China takes another stride in the area of science and technology by establishing its 4th research station – ‘Taishan’ – in Antarctica after Kunlun, Zhongshan and Great Wall. Meant to be a summer-only station, It will contribute in research on bio-ecology and remote satellite sensing. Moreover, China is also looking for a site for another (5th) research station.
- A number of countries, all signatories to the Antarctic Treaty, have research stations in Antarctica.
- These bases are fixed one unlike their counterparts in Arctic which happen to be drifting ice stations owing to be placed on frozen Sea surface.
- Many of the research stations operates only in summer while few notables does it year-round (permanent ones).
- Argentina has the most 7 stations while Russia is close behind with 6.
- A number of countries including Britain, New Zealand, France, Norway, Australia, Chile and Argentina lay their claim over the territory of Antarctic; Though the claims largely lack global recognition.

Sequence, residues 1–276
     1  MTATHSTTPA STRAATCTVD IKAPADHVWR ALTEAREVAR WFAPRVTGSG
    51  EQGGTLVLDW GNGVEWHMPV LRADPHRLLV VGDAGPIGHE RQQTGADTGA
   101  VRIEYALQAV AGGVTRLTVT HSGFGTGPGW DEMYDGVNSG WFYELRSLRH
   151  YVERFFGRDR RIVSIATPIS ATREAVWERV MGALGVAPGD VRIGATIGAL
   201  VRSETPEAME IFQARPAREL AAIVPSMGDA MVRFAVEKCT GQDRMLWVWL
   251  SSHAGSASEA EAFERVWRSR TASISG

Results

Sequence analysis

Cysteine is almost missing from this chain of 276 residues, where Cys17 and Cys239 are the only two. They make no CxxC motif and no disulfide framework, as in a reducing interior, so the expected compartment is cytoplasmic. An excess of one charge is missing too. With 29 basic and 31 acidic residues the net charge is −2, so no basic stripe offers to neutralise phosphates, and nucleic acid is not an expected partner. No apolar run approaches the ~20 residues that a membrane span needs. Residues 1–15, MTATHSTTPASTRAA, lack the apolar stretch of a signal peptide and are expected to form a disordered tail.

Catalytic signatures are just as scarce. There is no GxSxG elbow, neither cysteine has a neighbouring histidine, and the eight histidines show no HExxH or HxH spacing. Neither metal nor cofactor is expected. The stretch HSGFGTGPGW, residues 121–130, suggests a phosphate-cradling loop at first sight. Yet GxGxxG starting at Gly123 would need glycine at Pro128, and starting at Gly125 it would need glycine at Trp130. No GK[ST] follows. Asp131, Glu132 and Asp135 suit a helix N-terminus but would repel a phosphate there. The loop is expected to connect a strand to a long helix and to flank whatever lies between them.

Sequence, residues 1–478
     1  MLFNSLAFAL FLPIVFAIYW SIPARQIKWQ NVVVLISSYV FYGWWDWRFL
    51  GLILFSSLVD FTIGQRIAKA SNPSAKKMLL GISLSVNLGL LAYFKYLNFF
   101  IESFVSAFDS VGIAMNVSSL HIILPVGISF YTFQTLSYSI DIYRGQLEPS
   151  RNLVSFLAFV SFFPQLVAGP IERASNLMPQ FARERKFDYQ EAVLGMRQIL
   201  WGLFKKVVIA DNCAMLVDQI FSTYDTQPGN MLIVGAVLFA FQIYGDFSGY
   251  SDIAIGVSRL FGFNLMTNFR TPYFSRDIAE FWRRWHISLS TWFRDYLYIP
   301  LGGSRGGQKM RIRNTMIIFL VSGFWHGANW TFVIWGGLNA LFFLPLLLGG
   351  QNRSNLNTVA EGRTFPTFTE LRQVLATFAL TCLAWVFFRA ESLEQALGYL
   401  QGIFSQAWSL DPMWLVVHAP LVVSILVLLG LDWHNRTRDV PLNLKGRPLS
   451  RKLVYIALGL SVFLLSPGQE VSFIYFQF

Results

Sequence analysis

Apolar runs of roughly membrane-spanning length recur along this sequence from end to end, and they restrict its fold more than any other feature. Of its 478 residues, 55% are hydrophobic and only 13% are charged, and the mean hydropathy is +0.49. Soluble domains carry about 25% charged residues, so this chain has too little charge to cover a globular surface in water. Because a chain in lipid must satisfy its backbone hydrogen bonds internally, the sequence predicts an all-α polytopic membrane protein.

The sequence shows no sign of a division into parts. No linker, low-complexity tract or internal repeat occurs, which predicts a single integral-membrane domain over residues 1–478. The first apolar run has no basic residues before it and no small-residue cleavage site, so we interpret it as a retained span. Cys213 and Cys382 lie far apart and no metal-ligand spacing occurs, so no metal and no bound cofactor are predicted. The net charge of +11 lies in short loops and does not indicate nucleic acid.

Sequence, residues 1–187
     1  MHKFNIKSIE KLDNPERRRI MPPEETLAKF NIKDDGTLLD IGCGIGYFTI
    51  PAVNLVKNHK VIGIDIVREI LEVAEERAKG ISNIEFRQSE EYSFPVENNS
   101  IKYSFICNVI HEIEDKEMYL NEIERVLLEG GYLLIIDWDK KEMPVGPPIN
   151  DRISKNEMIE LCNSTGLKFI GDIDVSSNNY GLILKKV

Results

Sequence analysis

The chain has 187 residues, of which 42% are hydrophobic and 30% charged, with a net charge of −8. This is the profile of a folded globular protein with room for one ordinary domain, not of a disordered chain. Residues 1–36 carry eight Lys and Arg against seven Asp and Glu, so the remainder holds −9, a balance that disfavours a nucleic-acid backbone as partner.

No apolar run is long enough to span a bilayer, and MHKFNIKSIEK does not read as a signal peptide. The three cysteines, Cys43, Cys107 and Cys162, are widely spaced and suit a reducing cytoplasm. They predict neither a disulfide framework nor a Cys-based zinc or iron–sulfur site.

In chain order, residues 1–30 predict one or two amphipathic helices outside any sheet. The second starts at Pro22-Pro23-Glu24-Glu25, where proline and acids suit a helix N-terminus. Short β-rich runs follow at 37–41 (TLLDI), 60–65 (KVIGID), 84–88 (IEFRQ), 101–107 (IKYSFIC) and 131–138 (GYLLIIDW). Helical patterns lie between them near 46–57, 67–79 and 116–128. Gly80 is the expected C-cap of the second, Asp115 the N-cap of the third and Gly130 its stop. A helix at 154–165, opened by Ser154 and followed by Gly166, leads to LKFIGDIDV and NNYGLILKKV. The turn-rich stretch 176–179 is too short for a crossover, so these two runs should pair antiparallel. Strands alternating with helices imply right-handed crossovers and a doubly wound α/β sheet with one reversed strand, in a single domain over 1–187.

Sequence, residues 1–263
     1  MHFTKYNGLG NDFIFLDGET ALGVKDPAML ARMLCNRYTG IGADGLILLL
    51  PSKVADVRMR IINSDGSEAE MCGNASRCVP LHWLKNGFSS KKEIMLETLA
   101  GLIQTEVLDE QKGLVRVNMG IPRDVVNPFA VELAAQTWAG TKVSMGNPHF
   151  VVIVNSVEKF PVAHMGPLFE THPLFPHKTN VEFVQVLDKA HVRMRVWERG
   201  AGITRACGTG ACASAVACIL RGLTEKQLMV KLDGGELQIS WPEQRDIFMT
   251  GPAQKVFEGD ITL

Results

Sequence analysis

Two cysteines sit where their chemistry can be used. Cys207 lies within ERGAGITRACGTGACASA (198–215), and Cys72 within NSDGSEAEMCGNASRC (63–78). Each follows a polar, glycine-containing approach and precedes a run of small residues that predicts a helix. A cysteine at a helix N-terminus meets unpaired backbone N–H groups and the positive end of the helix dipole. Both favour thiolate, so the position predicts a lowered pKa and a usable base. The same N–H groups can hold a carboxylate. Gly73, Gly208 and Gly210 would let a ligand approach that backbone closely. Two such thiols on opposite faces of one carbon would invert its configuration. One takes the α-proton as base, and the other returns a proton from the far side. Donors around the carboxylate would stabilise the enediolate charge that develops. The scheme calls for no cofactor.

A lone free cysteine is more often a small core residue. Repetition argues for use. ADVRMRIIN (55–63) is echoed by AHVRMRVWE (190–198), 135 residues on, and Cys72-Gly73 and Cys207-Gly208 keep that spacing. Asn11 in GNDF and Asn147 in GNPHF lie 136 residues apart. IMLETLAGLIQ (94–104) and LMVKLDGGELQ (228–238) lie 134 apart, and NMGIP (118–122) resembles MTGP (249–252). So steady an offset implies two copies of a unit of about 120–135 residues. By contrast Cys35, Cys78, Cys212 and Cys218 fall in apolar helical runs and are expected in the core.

India in Antarctic:
- Maitri is now the sole Indian permanent research station in Antarctica after the shocking burial of the first-ever station Dakshin Gangotri in a landslide in 1990–91.
- Biology, earth sciences, glaciology, atmospheric sciences, meteorology, cold region engineering, communication, human physiology and medicine.
India in Arctic:
- Himadri is India’s first and so far the only research station in Arctic.
- The station, located at Spitsbergen (Svalbard, Norway), was established in 2008.
- It is operated by National Centre for Antarctic and Ocean Research.